Red Cross month proclaimed

Martinez City Council recognizes the work of the American Red Cross recently.
Martinez City Council recognizes the work of the American Red Cross recently. From left are Councilmember Debbie McKillop, Vice Mayor Noralea Gipner, Councilmembers Lara DeLaney and Mark Ross, Mayor Rob Schroder and Red Cross representatives Marcelle Indelicato, Cliff Buxton and Tom Ta. (DONNA BETH WEILENMAN/MARTINEZ NEWS-GAZETTE)

MARTINEZ, Calif. – Whether helping Northern California fire victims and those in other parts of the state, hurricane victims in Florida and the East Coast, or answering calls for help when Hawai’i’s Kilauea volcano erupted last year, the Red Cross is ready to respond.

Besides large disasters, Red Cross volunteers also provide help to individuals and families who may have lost their home to fires or other smaller calamities.

During the March 20 meeting, Martinez City Council recognized the work of this humanitarian organization for the work it does locally, around California, and throughout the country and its territories.

The largest organization of its kind, it typically responds to 62,000 disasters in the United States, and stands ready to answer calls for help, whether that’s providing meals and snacks or collecting donated blood.

The American Red Cross also provides training to the public so individuals can learn how to save lives, and assists those in the military and their families. It cooperates with humanitarian efforts throughout the world.

Its preventive measures added the Home Fire Campaign in October 2014, through which it has cooperated with fire department and other community organizations to install at no cost to residents more than 1.5 million smoke alarms in 648,000 homes. Those alarms are estimated to have saved 511 lives.

Last year in the San Francisco Bay Area alone, the Red Cross Bay Area responded to 838 home fires, installed 10,604 free smoke alarms and made 3,403 households safer, according to the Martinez Council proclamation.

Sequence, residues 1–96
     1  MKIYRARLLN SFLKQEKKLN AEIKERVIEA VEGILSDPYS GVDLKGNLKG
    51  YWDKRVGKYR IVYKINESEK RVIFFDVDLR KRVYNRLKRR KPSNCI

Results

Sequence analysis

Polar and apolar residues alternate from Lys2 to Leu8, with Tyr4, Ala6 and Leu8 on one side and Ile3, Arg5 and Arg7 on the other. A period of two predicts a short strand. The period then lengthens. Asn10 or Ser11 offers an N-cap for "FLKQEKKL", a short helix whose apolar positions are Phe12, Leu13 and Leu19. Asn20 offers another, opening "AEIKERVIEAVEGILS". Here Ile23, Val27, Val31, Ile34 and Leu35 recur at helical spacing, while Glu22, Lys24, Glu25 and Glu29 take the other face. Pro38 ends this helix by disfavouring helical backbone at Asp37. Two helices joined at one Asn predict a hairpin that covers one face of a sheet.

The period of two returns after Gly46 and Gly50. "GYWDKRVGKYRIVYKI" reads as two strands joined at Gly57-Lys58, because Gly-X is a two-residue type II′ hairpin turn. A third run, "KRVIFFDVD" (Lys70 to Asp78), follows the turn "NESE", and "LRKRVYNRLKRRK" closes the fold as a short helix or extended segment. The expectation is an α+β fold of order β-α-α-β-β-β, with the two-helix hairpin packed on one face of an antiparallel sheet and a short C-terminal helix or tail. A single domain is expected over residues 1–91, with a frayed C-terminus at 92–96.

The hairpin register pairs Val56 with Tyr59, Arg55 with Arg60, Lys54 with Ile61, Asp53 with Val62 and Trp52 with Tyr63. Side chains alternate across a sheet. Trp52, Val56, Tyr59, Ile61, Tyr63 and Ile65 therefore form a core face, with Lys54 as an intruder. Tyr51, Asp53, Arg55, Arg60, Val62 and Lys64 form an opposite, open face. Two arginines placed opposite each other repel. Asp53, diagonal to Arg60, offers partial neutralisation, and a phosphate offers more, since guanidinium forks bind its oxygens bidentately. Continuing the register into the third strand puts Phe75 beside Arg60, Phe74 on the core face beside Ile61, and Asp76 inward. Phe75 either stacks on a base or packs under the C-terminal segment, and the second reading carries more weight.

In Contra Costa County alone, the Red Cross provided help in 109 local disasters, and taught first aid, cardiopulmonary resuscitation (CPR) and automated external defibrillator (AED) use to 6,595 people. The agency also collected 16,025 units of blood from county donors.

The city’s proclamation also recognized volunteers who gave 43,495 hours of their time to help those in need and suffering during emergencies.

Volunteers are always needed, said Marcelle Indelicato, of Contra Costa County’s Office of Emergency Services, who with Cliff Buxton and Tom Ta represented the Red Cross at the Council meeting.

Besides directly helping disaster victims, volunteers are needed to restock supplies and handle data entry, distributing door hangers and providing information in other ways and handling the logistics of installing fire alarms.

The Red Cross is recruiting 30,000 volunteers in preparation for three public “Sound the Alarm” events to provide fire alarms. Bilingual volunteers especially are needed for the presentations, the agency has announced.

Those interested in volunteering or attending may visit the website coastal. Those with questions may contact Jennifer Lucas at or by phone at 925-303-8572.

Training for the Sound the Alarm events can be done online by video class on YouTube. Training in person will be available at the Red Cross office, 1300 Alberta Way, Concord, and can be arranged for organizations by contacting Lucas for appointments.

For those unable to take the training, other volunteer opportunities are available. Those interested may visit the website

The events are from 9 a.m. to 3 p.m. April 27 at Concord Cascade and Sun Valley Village, 125 Sahara Drive, Pacheco; 9 a.m. to 3 p.m. May 1 in Chateau Mobile Home Park, 3301 Buchanan Road, Antioch; and 9 a.m. to 3 p.m. May 4 at Parchester Village, 900 Williams Drive, Richmond.

“Our community depends on the American Red Cross, which relies on volunteers and the generosity of the public to perform its mission,” the city’s proclamation said.

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